Another growing trend in the healthcare industry as patients look for more personalized and convenient care options is the advent of in-home care delivery. With the rise of the COVID-19 pandemic, hospitals quickly adapted to the “hospital-at-home” model to keep patients safe and reduce the strain on hospital resources. The success of this model has led many to believe that it could become a permanent fixture in the healthcare landscape.
This year, experts forecast a rise in alternate care delivery sites, particularly in the home. McKinsey estimates that up to 25% of the total cost of care could shift from traditional facilities to patient homes within the next three years.
Advances in technology, specifically in remote patient monitoring (RPM) and remote therapeutic monitoring (RTM), have made it possible for patients to receive near real-time monitoring and care from clinical professionals from the comfort of their own homes.
This new way of delivering care can also improve health equity by making care more accessible for vulnerable populations such as the elderly, homebound patients, and those living in remote areas. However, there are challenges to implementing this new model, such as infrastructure, accessibility, and feasibility. Consumers must ensure proper power consumption, stable internet connectivity, and data protection. To ensure continuous real-time monitoring, device reliability is crucial.
Despite the unresolved data security, privacy, and transparency issues, patients’ increasing adoption of care delivery at home is driving the ability to transition more complex forms of care to the home.
The Debate Over Laboratory Developed Tests (LDTs)
Another industry innovation poised to influence healthcare this year, laboratory developed tests, is gaining traction and excitement among researchers and consumers alike. With the advent of ultrasensitive assays, the number of LDTs for Alzheimer’s disease is increasing, and they can now test over a dozen biochemical markers for Alzheimer’s in the blood and cerebrospinal fluid. Some of these tests are being developed for clinical trials, while others aim for treatment.
Unlike conventional tests, LDTs can be developed and deployed rapidly without the need for FDA approval. Despite their innovation potential – in epigenetic and microbiome testing especially – the use of laboratory developed tests (LDTs) has raised concerns about their regulation and risk of harm to patients. This has opened the door for situations akin to the Theranos scandal, where patients may be exposed to unreliable diagnostic tests which could have life-threatening consequences. The regulation of LDTs, to ensure safety and quality is a highly debated topic in Congress and one worth watching closely in the coming year.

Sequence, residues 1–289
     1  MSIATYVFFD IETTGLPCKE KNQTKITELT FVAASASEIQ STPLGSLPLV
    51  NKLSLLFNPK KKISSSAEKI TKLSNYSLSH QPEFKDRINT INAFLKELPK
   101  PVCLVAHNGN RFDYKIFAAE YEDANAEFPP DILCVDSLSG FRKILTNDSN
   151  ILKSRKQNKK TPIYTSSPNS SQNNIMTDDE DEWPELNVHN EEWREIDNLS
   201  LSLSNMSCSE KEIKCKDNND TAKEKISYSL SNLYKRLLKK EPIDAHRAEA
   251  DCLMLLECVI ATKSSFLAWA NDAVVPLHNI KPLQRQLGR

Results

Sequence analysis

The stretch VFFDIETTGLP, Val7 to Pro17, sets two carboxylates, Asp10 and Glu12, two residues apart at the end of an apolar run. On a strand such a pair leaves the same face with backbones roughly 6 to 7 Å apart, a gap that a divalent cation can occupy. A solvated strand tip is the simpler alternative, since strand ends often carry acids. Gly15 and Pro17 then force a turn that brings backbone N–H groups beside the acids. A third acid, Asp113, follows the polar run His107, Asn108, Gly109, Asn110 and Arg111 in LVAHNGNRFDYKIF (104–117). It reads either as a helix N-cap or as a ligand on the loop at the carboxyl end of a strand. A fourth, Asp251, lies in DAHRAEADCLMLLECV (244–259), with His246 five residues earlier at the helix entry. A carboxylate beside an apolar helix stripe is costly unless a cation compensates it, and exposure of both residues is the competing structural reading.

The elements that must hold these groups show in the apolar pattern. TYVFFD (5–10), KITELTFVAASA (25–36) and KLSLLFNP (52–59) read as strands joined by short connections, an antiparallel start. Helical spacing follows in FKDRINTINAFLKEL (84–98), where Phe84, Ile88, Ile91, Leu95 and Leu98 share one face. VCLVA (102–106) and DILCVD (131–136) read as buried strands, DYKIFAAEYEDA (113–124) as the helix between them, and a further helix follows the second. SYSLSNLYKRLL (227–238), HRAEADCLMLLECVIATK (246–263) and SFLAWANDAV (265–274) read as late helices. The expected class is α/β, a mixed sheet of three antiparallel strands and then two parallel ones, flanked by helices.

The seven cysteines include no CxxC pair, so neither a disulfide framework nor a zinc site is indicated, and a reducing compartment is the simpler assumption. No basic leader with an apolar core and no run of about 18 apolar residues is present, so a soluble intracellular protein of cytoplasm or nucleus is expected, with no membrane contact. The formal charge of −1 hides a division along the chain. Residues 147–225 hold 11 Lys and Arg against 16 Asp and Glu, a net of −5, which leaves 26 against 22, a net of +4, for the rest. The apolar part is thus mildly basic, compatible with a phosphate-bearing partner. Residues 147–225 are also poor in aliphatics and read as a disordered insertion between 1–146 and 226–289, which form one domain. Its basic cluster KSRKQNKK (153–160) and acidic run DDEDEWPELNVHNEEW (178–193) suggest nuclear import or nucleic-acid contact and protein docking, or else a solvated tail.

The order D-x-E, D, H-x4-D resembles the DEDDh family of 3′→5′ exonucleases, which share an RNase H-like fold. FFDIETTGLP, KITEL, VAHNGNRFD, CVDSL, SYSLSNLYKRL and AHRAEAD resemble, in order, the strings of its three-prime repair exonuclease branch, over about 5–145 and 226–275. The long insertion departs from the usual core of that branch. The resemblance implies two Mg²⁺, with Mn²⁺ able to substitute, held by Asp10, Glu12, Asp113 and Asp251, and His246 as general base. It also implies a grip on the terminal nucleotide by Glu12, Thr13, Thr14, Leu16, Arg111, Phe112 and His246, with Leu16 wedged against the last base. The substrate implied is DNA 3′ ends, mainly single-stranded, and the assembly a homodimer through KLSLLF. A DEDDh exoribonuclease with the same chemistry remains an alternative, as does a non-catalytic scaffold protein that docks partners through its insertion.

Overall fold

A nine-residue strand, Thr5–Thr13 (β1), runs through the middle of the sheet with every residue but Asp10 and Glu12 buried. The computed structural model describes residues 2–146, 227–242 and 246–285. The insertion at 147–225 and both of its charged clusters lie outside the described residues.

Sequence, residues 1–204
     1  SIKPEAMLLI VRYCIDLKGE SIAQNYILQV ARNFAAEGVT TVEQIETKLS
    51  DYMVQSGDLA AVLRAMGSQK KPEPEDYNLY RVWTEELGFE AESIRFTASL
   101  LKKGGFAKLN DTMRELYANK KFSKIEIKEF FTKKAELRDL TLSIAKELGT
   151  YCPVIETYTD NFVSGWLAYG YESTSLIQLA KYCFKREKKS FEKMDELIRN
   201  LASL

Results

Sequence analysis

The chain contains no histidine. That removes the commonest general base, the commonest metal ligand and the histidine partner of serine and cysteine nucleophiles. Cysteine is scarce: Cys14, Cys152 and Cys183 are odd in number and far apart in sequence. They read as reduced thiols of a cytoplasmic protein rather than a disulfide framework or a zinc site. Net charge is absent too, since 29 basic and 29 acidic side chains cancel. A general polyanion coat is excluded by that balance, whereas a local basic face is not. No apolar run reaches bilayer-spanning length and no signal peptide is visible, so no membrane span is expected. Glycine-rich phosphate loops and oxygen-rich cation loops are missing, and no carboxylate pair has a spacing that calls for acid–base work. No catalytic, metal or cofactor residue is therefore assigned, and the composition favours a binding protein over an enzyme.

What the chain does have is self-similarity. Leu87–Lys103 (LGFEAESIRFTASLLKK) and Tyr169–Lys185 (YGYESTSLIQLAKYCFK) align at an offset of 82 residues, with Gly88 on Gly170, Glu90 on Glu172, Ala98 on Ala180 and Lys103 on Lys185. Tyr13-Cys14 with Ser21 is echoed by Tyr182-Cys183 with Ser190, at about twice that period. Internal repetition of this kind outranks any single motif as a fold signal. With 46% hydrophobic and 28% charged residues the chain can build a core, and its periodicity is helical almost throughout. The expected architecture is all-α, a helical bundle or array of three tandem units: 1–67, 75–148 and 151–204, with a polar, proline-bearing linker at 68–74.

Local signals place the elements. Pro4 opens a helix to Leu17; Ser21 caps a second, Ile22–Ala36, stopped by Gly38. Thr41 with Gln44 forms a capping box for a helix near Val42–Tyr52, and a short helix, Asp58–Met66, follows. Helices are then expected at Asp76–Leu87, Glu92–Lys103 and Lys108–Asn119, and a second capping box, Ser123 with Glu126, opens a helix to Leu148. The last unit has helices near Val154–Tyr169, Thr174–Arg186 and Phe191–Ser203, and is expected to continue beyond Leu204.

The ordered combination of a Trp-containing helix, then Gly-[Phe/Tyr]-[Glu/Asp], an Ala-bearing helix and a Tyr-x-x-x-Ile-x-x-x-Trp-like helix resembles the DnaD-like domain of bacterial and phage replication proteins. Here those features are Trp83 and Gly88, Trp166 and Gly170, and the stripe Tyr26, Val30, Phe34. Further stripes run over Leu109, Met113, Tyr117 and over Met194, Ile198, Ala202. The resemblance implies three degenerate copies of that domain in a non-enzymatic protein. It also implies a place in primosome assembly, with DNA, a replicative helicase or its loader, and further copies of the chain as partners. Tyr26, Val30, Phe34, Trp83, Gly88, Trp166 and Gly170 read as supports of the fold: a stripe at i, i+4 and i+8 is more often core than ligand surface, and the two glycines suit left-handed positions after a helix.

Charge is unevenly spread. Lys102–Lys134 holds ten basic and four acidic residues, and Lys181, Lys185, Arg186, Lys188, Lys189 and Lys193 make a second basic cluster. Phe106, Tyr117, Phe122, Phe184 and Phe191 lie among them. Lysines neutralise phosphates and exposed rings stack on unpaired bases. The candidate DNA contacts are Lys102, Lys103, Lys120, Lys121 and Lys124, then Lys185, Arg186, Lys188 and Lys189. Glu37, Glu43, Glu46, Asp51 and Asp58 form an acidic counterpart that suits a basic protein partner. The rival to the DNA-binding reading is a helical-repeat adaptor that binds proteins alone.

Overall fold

Surging Investments in Longevity Research
The field of aging research is poised for significant advancements in the coming year, mainly due to record-breaking investments and market funding.
Martin Borch Jensen, the Chief Science Officer of Gordian Biotechnology, is one of the leading investors working to unravel the complex nature of aging. Gordian’s platform currently focuses on in vivo therapeutic screening for drugs that target aging-related diseases. Meanwhile, Borch Jensen spearheads Impetus Grants, a non-profit science funding organization dedicated to advancing longevity research fast. This initiative provides funding up to $500,000 for researchers working on the most pressing issues in aging biology – as soon as three weeks after application submission.
A growing number of investors in longevity research are making bold predictions for the coming year, and it will be exciting to see what breakthroughs will be achieved. 2023 could be the year several innovative longevity strategies enter clinical trials, including mTORC1-targeting compounds, epigenetic clocks, and their ability to predict the effect of anti-aging drugs. The longevity community is also optimistic about rapamycin or rapalog phase 2 clinical trials and anticipates some potentially groundbreaking findings this year.
Whether it is the discovery of new therapeutics, the proper testing of drug candidates, or the advancements in our understanding of aging, the future looks bright for longevity research.
The Emergence of Precision Neuroscience
With the advancement of technology, we now have the ability to observe the brain with incredible accuracy. This has led to the development of more precise diagnostic tools, enabling us to identify issues in the brain much earlier than ever before. As a result, the field of neuroscience is shifting towards a new era of precision, where the questions being asked center around the optimal timing for intervention and which tools are best suited for the job.
The emerging field of precision neuroscience is also marked by a shift toward combining advanced diagnostic methods with targeted treatments, including psychedelics, electrical, magnetic, or ultrasound neurostimulation. Every brain is unique, and this combination of treatments will enable personalized approaches to brain health and wellness.
One area where precision neuroscience has a significant potential impact is in the treatment of neurodegenerative disorders, such as dementia and Parkinson’s. Early identification of these issues allows for less invasive, less damaging therapies to be administered, potentially leading to better outcomes and fewer side effects.
Although still in its earliest stages, precision neuroscience has the potential to revolutionize neurological health with continued research and development in the field.
The Year Ahead: Entering a New Era of Longevity-Focused Ideology
2023 will be an exciting year for the longevity, health, and healthcare industries as they continue to tackle significant challenges, adapt to new trends, and employ innovative solutions in practice. As the collective’s focus shifts from simply extending life expectancy to improving the human healthspan and promoting healthy aging, meaningful developments in personalized, integrative medicine can be expected.
The rapid expansion of artificial intelligence in medicine and advancements in medical technology, such as remote patient monitoring devices, offer health professionals the novel tools needed to diagnose, treat, and manage patients more effectively. At the same time, the widened adoption of these instruments promotes preventive care and is revolutionizing care delivery making it more efficient, personalized, and increasingly home-based.
This year we expect a profound shift in the discussion surrounding women’s health as the growing field of female reproductive longevity begins offering new solutions to improve health and fertility, empowering women to control their health and reproductive choices.
Driving the longevity and healthcare industries even further forward, innovations in testing methods, investments in longevity, and new frontiers in neuroscience will lead the way toward a healthier future for all.
These advancements offer healthcare professionals the opportunity to provide more comprehensive and effective care while encouraging individuals to take an active role in improving their healthspan. Staying current on the latest developments and progression of these emerging realms is essential to capitalizing on their full potential and maximizing the health of both patients and medical businesses.